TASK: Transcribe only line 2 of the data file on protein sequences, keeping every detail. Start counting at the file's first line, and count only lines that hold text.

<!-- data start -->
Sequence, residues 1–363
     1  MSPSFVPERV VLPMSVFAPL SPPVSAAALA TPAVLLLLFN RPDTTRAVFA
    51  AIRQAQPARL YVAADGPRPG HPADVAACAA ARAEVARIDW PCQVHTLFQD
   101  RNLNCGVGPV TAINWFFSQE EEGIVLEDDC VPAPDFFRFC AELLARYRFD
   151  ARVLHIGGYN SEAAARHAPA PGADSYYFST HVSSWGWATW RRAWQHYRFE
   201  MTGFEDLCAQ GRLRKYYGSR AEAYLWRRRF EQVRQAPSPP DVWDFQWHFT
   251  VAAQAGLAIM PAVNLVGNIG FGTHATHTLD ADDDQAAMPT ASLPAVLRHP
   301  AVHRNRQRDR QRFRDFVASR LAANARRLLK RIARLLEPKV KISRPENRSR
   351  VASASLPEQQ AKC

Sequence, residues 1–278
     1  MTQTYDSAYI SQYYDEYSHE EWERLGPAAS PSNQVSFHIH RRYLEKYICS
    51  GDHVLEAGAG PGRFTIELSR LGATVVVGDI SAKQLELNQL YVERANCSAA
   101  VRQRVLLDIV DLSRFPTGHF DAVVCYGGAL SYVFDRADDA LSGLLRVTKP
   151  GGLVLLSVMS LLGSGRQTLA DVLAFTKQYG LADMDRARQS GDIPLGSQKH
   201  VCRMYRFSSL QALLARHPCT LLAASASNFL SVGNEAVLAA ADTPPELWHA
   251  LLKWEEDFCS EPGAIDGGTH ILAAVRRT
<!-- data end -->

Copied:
     1  MSPSFVPERV VLPMSVFAPL SPPVSAAALA TPAVLLLLFN RPDTTRAVFA